What Kind of Soil is Your Houston Home Built on & What You Need to Know
Houston is home to dozens of different soil types across its vast stretches. Of course, many of these soil types can be grouped together based on their qualities. Due to the variance in soil types, it is important for Houston homeowners to understand what type of soil their home is built on so that they can learn the proper way to protect their home's foundation against the natural shifting and settling that can occur. Here's a quick overview of what you need to know to identify the soil in your area.
Having a Soil Test Done
The easiest way to find out more about the soil around your home is to have a soil test done. Many counties offer free or cheap soil testing kits that you can bring in, and they will tell you the contents of your soil. Typically this service is provided for agricultural reasons, but it can also be used by residents who just want to know more about their environment.
Testing Your Own Soil
Even if you can't have a professional soil test done, there are still a few simple ways to test the soil on your own. By observing the color, makeup, and drainage properties of your soil, you can learn a lot about what your foundation is built on. To start, gather a handful of moist soil from near your foundation. Make sure it isn't too wet. Squeeze the soil tightly in your hand and then release your hand and see what happens. If the soil formed a tight ball and keeps its shape, you have a high clay content. If the soil forms a loose ball but crumbles when you touch it, you have loam. And finally, if the soil immediately loses its shape, you have sand.
Just conducting this simple squeeze test will tell you a lot about the character of your soil. For instance, loam is perfect for growing vegetation due to its high level of organic matter and ability to hold water. Unfortunately, loam is not great for foundations for exactly the same reasons. Loam soil holds moisture and promotes plant growth and will eventually cause your foundation to crack due to roots finding their way inside, or the added pressure that is applied whenever there is precipitation and the soil soaks it up.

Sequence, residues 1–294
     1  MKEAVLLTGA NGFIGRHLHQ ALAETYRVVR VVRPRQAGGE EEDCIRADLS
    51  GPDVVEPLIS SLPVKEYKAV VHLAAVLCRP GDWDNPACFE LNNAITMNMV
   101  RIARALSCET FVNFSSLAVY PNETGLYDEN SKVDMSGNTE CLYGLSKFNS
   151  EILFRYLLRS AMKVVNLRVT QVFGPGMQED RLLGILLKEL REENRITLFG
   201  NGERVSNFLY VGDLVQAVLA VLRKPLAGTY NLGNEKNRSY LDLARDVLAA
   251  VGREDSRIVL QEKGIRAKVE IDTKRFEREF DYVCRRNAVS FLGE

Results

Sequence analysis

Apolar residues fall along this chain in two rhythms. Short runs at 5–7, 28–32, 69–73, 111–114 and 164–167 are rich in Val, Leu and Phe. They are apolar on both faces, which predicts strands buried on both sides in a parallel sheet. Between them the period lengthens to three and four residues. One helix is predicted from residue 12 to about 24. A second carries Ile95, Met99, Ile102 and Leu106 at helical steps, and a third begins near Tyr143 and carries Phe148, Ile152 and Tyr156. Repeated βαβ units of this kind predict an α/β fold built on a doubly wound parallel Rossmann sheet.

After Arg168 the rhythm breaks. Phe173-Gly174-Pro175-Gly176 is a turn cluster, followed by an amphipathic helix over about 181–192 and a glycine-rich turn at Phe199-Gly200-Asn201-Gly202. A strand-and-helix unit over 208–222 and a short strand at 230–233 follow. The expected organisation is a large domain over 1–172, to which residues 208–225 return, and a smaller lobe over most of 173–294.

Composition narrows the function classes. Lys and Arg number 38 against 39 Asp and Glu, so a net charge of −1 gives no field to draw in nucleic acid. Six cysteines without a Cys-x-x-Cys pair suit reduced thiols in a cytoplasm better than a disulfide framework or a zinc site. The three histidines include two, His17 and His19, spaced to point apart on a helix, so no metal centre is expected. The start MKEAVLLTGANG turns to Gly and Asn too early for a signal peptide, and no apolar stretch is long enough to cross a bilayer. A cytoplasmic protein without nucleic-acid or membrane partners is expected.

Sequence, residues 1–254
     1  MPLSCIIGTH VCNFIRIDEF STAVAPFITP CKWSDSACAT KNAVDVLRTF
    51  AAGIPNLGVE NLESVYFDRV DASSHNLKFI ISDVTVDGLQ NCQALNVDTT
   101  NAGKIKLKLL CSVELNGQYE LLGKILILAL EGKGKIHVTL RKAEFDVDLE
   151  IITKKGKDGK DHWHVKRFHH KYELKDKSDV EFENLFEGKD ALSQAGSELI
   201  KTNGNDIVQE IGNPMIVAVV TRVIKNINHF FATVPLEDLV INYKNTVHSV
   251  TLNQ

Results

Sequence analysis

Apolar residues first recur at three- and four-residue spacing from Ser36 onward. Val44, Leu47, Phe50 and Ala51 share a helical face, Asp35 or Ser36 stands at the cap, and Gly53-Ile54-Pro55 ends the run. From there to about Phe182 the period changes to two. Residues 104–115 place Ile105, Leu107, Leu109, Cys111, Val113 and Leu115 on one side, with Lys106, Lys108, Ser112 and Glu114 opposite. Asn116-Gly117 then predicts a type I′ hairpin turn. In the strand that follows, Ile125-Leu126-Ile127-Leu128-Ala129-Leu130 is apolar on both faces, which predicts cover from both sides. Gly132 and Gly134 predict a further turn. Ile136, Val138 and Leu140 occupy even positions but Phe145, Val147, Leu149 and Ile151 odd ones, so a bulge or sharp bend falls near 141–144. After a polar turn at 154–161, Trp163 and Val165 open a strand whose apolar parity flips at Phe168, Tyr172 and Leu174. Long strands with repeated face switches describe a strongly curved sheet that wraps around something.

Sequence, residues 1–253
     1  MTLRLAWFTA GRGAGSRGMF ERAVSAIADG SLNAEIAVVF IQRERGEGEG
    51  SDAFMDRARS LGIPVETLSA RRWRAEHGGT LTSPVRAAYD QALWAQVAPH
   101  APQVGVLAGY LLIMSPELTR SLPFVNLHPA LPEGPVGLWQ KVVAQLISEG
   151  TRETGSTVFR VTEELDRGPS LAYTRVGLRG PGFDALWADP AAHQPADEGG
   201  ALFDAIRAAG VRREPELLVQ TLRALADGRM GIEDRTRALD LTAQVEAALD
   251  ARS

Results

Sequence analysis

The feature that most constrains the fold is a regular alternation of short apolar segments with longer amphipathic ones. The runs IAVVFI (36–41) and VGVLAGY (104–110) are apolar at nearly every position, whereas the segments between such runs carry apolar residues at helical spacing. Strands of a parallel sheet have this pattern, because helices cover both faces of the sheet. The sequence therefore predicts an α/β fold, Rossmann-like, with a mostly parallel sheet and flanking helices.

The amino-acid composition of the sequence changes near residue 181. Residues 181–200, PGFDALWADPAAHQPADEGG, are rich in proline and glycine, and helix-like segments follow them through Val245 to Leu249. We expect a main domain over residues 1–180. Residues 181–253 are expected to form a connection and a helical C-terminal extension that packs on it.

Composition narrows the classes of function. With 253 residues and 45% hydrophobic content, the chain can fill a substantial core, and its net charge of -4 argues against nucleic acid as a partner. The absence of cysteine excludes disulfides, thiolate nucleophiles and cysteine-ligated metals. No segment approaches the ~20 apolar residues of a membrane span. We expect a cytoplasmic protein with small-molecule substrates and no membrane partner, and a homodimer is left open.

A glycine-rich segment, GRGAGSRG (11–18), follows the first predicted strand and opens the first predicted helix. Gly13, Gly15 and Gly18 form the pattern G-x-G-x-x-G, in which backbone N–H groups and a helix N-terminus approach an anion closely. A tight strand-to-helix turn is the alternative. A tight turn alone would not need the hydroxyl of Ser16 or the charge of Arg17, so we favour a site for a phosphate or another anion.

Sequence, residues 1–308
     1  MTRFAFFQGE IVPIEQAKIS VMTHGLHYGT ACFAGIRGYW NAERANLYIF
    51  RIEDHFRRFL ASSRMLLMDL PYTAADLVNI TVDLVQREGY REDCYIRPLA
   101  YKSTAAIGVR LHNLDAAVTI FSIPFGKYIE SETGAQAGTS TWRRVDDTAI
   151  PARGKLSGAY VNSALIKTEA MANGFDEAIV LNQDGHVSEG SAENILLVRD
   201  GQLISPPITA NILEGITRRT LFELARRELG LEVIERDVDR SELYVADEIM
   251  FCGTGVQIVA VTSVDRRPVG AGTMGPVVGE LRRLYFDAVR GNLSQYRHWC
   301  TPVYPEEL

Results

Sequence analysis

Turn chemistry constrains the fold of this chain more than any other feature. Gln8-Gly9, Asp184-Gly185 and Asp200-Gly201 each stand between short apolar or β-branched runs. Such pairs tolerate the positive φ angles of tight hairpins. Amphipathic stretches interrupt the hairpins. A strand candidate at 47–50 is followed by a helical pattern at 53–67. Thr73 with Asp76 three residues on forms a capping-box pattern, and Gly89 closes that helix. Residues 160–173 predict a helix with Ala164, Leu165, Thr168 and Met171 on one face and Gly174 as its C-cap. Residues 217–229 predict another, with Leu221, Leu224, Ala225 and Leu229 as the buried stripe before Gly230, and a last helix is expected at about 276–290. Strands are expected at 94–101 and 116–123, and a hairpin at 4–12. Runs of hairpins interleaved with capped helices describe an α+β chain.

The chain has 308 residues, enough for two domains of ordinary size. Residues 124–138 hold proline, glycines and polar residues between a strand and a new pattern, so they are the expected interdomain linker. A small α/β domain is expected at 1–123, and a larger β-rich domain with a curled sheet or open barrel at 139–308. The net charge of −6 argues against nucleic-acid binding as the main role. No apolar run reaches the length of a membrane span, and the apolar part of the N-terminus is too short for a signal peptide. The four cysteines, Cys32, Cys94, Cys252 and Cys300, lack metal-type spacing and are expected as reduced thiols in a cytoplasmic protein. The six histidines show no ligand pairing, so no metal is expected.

If your soil is predominantly made of clay, that could be good news, but you still need to pay attention. Some types of clay pack neatly and resist water. This is ideal for building a foundation on because there is a low risk of flexing and erosion, and the clay does not allow for roots to easily come near your structure. However, some forms of clay soil, such as Vertisol or Houston Black, are more expansive, which means that they grow significantly as they absorb water, and they drain very slowly. For the most part, you can still build a foundation on this type of soil, but you must be aware that the house will shift and settle seasonally. Ultisol, found in Eastern Texas, is an even better sign because it is highly compacted and does not respond to weather events much at all. This is the most stable type of clay soil to build on.
Sandy soil can also be a good sign. This is because sand can be compacted tightly and it drains well. The quick drainage means that water will move away from your home rapidly so you won't have to worry about absorption and settling. However, there is less sandy soil in the Houston area than loamy and clay soils.
In just a few short minutes, you can learn a lot about your home's foundation and the surrounding soil just by going outside and grabbing a handful for yourself. Once you know what kind of soil you have, you will see how moisture and plant growth could be affecting your home's foundation over the long term. By seeing these patterns, you can learn the benefits of foundation watering, soil amendments, and other options to protect your home in the future. To learn more, contact Allied Foundation today.
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